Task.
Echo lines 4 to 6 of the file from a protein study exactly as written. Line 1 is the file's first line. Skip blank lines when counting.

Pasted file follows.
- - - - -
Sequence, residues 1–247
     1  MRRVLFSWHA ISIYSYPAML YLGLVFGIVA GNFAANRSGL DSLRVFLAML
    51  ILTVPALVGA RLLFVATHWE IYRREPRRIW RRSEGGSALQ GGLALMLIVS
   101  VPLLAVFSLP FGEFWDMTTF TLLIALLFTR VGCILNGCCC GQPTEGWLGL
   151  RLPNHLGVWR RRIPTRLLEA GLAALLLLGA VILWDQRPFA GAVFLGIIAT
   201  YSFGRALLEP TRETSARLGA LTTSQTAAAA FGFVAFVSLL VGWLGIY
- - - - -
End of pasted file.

   101  VPLLAVFSLP FGEFWDMTTF TLLIALLFTR VGCILNGCCC GQPTEGWLGL
   151  RLPNHLGVWR RRIPTRLLEA GLAALLLLGA VILWDQRPFA GAVFLGIIAT
   201  YSFGRALLEP TRETSARLGA LTTSQTAAAA FGFVAFVSLL VGWLGIY